Pennington v Waine [2002]Mrs Crampton told P that she wished to transfer 400 shares in a private company to her nephew, Harold. She signed a share transfer form and gave it to Mr P, who was a partner in the company’s firm of auditors. He placed the form in a file and took no further action prior to Mrs C's death, apart from to write to Harold. In the letter he informed Harold that his firm had been instructed to arrange for the transfer of the 400 shares and that Harold need take no further action. Mrs C's will made no specific mention of the gift of 400 shares to Harold. HELD: in the absence of any evidence that the gift was intended to take effect in the future or subject to any condition precedent, that the gift of the 400 shares had taken effect immediately the share transfer forms had been executed, even though the form was never delivered to the intended donee or the company.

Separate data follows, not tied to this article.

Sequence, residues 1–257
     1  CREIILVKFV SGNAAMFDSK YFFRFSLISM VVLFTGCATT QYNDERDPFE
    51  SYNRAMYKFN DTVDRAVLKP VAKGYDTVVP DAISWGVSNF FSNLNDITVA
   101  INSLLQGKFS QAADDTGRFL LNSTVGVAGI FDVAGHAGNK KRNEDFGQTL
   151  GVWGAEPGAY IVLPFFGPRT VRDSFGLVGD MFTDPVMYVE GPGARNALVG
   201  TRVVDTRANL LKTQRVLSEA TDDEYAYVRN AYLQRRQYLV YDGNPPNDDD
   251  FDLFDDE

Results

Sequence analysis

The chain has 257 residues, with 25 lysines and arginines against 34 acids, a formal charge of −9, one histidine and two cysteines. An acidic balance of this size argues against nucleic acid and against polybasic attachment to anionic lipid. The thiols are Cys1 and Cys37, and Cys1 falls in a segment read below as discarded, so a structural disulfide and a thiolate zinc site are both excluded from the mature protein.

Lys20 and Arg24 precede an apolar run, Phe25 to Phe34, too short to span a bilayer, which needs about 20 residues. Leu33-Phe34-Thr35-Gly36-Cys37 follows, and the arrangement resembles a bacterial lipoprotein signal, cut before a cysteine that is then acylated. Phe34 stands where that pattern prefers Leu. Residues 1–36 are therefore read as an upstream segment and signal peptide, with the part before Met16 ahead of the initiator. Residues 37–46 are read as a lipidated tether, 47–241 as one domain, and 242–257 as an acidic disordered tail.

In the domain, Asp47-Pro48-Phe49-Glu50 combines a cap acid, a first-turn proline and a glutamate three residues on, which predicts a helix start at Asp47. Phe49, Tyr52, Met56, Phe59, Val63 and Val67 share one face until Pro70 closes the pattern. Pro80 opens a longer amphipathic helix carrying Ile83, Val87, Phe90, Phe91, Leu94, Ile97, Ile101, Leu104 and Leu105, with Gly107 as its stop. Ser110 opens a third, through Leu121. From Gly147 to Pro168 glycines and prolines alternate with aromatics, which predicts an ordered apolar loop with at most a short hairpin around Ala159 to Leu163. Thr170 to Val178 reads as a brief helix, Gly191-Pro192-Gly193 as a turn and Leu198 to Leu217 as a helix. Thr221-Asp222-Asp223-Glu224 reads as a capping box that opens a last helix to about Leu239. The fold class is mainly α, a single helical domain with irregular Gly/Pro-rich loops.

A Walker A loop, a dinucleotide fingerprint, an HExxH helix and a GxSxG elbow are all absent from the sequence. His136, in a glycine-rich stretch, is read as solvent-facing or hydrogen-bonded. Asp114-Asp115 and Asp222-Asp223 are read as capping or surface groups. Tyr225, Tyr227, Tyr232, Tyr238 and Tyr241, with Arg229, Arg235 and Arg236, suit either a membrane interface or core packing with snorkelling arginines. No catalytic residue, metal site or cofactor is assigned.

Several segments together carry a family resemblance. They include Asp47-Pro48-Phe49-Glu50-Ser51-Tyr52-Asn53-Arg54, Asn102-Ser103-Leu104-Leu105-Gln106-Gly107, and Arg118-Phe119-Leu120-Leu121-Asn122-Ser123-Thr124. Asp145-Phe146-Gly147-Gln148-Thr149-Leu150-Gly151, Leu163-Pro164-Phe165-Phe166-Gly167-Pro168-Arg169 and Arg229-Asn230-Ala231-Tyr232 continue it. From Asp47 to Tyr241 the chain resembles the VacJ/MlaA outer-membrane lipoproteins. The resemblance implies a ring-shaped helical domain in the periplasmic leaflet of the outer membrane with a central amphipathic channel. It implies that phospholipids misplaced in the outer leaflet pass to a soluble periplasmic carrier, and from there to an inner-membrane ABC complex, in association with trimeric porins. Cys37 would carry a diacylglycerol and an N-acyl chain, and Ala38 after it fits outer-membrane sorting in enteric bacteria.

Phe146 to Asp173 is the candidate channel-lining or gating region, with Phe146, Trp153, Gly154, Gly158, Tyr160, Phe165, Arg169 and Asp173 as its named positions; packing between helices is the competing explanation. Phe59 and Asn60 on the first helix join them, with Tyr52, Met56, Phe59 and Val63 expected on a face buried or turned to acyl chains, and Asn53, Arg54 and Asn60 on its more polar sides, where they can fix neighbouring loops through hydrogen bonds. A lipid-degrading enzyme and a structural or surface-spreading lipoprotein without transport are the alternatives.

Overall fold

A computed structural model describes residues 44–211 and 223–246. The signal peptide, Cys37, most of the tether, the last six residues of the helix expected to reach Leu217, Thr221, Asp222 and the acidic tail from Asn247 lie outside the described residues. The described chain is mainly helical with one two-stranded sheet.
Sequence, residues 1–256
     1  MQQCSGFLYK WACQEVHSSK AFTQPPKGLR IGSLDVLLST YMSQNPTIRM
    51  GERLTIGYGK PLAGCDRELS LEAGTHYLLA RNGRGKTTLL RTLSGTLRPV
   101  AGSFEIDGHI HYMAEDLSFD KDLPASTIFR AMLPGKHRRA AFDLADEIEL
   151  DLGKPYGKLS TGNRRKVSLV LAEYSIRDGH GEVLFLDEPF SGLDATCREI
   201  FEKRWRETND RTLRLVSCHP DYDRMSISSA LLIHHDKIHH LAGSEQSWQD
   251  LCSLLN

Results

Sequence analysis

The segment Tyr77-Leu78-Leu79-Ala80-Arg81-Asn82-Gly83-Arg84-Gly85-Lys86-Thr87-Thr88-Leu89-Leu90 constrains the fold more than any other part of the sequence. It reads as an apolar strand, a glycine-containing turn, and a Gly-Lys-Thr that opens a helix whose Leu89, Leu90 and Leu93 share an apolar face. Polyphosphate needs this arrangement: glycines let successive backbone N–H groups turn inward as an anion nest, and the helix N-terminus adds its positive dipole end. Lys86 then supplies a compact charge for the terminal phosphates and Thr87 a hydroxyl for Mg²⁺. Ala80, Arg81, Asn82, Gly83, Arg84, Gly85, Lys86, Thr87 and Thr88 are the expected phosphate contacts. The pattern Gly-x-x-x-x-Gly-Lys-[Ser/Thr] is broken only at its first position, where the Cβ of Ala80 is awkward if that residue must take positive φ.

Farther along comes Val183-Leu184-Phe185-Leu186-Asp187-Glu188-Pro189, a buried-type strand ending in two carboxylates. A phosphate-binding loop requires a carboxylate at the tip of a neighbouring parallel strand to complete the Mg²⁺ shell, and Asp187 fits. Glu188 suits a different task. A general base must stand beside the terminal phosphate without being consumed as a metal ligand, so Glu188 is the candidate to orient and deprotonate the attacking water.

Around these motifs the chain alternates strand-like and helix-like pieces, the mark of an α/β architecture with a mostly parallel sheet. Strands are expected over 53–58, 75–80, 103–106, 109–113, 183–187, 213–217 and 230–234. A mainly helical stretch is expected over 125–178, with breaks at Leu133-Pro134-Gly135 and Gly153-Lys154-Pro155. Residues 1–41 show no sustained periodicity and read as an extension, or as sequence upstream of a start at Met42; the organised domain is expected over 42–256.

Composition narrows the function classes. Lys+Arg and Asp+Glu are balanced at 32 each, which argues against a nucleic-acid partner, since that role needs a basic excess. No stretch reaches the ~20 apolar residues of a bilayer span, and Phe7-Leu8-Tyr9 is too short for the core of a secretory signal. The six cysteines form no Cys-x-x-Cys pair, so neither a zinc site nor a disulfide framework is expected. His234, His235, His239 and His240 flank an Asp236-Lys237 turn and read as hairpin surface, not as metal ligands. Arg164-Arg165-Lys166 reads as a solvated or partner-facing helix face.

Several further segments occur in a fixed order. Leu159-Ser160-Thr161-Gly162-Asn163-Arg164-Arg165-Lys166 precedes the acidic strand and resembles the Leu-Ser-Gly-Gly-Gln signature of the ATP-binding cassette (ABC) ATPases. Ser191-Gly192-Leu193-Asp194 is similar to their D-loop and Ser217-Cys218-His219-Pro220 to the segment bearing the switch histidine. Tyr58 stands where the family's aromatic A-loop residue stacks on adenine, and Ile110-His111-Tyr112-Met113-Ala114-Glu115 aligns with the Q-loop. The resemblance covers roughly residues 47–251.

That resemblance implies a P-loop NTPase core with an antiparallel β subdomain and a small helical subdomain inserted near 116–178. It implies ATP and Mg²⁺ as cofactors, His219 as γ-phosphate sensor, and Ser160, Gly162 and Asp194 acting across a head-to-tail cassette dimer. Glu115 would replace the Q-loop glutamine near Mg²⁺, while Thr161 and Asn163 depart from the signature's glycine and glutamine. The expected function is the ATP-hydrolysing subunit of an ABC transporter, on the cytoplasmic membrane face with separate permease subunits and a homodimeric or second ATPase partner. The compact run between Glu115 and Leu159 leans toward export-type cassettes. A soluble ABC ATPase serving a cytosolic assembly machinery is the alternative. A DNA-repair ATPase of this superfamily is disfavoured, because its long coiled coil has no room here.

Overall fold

Re McArdle [1951]Constitution by transfer where the subject of the gift or trust is an equitable interest --> Where the equitable interest is an interest under a trust, the transfer of the equitable interest is not complete until the trustees of the trust have been given notice of the transfer.
Strong v Bird (1874)When a testator makes his debtor an executor, and thereby releases the debt at law, he is no longer liable at law. The transaction was perfected, and she did not want the aid of a Court of Equity to carry it out, or to make it complete, because it was complete already, and there was no equity against him to take the property away from him.